One of the greatest backyard activities is a cookout! Everyone loves the opportunity to gather and enjoy a great meal cooked on the grill. Whether it’s hot dogs or a steak or even something more elaborate, few things can match the atmosphere of gathering for a barbecue.
While basic charcoal or gas grills are the most familiar types of barbecue grill, they are just a couple of examples of what’s available. There are many more types of grills that let you broaden your range of how to prepare a meal. Did you know that you can cook everything from brisket to flatbread with a grill?
Let’s look at some types of grill, from the familiar to the exotic. With these options, you can make a more-informed choice based on what you want to cook!
How Is The Grill Fueled?
The two most popular types of fuel for a barbecue grill are charcoal and propane. But it’s possible to have a natural gas connection as well. There are even electric grills. With any type of fuel, there is a huge range of levels of sophistication in the grills themselves.
Charcoal grills can be the simplest and are appreciated for the smoky flavor they add to food. On the other hand, they are harder to clean because of all the ash that’s left behind.
Gas grills offer convenience – a tank of propane will last a lot longer than a bag of charcoal. If you hook it up to your natural gas line, you’ll even have a continuous supply. You can add a smoker box to many gas grills to produce the smoky flavor that comes from charcoal. Gas is generally cheaper than charcoal, and of course, there’s much less cleanup to worry about.
The greatest benefit of electric grills is that they’re generally small and easy to move. As far as grills go, they’re not that great. But if you’re stuck in a place where you can’t have an open flame and still want to “cook out”, they can serve as a useful alternative.
Different Grills For Different Results
There are also various functions a grill can perform. While gas or charcoal can make a difference in taste, these varieties of grill really focus on what you can cook and how you cook it.
By a closed grill, we mean one that has a lid that can be pulled down over the food. Although they may exist, we haven’t seen any gas grills without a lid. With charcoal, there are basic entry-level grills without lids, but these are designed mainly for portability so you can take them to the park or campground.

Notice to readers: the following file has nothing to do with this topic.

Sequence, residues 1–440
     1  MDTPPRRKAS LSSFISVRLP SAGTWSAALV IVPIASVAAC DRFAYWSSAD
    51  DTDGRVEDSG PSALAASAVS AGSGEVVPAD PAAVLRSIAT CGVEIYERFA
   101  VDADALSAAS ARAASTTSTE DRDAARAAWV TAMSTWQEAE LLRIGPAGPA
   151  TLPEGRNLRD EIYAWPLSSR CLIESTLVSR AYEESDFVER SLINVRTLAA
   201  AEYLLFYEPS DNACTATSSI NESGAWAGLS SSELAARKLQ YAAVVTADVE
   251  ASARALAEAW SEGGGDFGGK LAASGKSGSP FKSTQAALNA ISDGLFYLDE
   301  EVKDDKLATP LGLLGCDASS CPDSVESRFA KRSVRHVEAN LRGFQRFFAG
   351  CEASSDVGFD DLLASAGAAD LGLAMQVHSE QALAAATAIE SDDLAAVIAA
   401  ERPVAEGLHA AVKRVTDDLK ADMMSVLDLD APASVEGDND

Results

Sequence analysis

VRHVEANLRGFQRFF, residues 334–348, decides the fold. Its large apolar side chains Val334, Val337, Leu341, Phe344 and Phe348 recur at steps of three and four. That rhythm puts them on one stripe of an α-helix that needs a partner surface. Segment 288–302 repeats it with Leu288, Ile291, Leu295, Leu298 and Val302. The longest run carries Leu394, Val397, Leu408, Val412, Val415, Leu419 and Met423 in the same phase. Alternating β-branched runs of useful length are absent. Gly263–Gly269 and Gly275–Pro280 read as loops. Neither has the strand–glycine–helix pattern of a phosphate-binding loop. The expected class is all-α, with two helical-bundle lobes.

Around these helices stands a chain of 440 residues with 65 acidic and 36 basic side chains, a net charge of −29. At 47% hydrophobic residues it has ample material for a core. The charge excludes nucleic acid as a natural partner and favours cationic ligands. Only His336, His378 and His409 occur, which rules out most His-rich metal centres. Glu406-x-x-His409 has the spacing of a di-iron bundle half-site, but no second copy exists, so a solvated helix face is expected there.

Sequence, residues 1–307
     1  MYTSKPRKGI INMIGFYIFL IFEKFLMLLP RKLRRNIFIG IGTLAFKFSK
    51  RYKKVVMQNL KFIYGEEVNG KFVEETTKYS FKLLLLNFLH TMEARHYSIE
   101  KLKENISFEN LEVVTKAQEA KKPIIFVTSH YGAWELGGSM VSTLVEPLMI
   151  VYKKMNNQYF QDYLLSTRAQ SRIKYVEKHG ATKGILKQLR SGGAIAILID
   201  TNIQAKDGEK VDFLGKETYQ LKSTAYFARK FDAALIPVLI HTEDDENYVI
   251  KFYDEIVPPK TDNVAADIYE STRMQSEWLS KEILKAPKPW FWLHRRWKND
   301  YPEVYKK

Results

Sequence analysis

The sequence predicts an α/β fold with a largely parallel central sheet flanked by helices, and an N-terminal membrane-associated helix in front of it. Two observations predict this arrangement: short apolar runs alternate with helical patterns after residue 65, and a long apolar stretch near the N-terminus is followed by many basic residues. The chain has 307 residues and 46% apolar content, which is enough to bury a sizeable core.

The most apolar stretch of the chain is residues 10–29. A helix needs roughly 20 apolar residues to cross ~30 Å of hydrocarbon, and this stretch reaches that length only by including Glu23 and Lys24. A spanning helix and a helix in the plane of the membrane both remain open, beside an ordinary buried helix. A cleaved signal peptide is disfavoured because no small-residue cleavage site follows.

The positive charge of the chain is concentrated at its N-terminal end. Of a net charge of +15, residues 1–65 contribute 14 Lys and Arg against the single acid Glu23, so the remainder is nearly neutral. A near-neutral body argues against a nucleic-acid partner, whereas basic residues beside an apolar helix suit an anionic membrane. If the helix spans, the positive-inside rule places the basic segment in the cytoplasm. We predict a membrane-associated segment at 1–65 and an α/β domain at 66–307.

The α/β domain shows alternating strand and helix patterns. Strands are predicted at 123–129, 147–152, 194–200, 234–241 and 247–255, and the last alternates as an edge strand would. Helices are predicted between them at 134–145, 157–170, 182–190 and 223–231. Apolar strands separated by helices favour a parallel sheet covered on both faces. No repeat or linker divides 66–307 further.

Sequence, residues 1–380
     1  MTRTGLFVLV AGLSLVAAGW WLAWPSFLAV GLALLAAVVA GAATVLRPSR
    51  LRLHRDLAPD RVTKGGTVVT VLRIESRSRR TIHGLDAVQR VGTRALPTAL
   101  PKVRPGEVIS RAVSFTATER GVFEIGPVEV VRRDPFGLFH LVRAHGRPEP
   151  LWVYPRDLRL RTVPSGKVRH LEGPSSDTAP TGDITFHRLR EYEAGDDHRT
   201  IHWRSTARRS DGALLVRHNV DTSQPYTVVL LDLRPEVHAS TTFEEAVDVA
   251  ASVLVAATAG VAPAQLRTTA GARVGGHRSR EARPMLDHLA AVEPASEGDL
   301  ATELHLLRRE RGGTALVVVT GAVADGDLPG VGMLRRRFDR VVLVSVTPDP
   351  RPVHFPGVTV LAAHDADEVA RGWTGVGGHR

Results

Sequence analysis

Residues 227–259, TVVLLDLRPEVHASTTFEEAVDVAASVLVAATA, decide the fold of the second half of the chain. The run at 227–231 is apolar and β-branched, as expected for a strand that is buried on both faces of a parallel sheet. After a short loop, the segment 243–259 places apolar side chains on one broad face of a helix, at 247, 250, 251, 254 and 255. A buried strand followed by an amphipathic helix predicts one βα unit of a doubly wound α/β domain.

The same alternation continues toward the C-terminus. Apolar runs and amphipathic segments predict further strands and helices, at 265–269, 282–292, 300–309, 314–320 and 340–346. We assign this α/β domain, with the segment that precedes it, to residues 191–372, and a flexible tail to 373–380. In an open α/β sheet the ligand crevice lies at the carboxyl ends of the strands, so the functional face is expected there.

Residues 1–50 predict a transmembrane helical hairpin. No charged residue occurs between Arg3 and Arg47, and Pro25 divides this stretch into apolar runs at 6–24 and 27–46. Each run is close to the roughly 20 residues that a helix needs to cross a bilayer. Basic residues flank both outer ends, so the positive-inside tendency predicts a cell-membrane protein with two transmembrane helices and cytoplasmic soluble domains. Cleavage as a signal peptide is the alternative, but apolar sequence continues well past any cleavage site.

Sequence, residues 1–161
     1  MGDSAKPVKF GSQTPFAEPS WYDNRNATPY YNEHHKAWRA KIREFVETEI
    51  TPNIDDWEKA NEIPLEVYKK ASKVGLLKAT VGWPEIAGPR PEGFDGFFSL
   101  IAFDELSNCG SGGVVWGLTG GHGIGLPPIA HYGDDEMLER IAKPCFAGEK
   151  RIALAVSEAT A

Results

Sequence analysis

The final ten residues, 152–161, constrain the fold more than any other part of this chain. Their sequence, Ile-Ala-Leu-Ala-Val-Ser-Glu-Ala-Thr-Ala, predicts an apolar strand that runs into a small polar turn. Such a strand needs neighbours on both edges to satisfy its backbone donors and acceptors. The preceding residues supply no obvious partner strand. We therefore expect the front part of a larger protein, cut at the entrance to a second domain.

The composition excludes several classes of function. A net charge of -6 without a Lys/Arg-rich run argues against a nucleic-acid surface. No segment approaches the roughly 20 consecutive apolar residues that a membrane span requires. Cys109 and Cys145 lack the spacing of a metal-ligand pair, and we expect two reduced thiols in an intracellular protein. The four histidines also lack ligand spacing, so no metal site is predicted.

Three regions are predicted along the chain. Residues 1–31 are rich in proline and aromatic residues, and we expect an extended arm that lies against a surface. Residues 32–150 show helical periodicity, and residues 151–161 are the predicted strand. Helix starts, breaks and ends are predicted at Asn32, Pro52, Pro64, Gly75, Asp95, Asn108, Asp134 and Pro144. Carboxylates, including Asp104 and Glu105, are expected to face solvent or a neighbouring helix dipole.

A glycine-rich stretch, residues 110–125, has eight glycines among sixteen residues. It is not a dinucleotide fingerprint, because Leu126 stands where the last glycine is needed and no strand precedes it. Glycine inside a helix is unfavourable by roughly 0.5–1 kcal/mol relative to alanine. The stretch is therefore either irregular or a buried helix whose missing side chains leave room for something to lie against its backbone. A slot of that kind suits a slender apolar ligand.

Closing the lid creates a perfect environment for food that needs to be cooked more slowly. It can also be great for larger pieces of meat since the lid traps the heat. That also makes it great when you don’t want to apply too much direct heat to the food. Instead of the cooking coming from the flames, the heat circulates under the lid so that the hot air cooks the meat.
When you put the lid down, you can count on meat cooking through to its center. You’ll also have a richer, smokier taste penetrating the meat. It’s definitely the best way to go for many dishes!
On the other hand, an open grill is perfect for some barbecue favorites. Meats that are cut thinner and that can support direct heat turn out delicious with this type of grill.
Among the best meals to cook on an open grill are hot dogs, hamburgers, and steaks. But fish filets and kebabs also cook great this way.
It’s not to say that these can’t be cooked with a closed lid. But they don’t take long to finish, so there’s no added benefit to it.
Of course, when we say open grill, we’re also including most grills that have a lid. You only need to leave the lid open.
Kamado or Tandoor Grills
Tandoor and Kamado grills may be the least-known grill types on our list. The kamado style hails from Japan while the tandoor grill originated in India. Both have long been used across Asia. More recently they’ve made a worldwide splash.
These grills work on a principle similar to closed grills by allowing heating to circulate. However, they rely on ceramic sides to the grill, creating radiant heat.
They offer the benefits of both direct and indirect cooking. A vertical spit is often used rather than a horizontal one, as would be the case in a rotisserie. But even the walls of these grills can be used as a cooking surface; they make a great way to cook flatbreads!
One of the big drawbacks of these grills, though, is their weight. The ceramic liner really makes them cumbersome, and weigh in from 80 to 500 pounds -.not exactly easy to move around.
Smoked meat is absolutely delicious, and getting it just right means you’ll need the proper equipment. The taste and tenderness are just amazing!
While you can get a bit of a smoky taste with a closed grill, it’s not enough when the goal is a real smoked meat.. When you want your meat to be tender and rich with flavor, a smoker is the way to go.
Some grills allow you to add a smoker attachment, or you can buy a dedicated smoker for preparing your roasts, briskets, and more.
Finally, we’ll mention rotisserie grills. Like many other options, it’s possible to get a rotisserie as an accessory. However, you can also buy a grill designed for this function.
Rotisserie is great for larger pieces of meat, like a rib roast or an entire chicken. It’s unlikely you’ll have to turn the spit by hand; that’s a thing of the past. Most are automated, helping create an even cooking through the meat.
A rotisserie is a great way to cook when you don’t want too much direct heat. The spit keeps your food away from the flame but in the heat while it turns slowly to keep it rich and delicious.
A barbecue grill can be one of the main features of your stamped concrete patio and backyard area. It’s great to be aware of the many options out there and choose the one(s) that best suit your cooking goals. This list is just a start and we hope it will point you in the right direction. Be sure to invite us over to enjoy the cookout!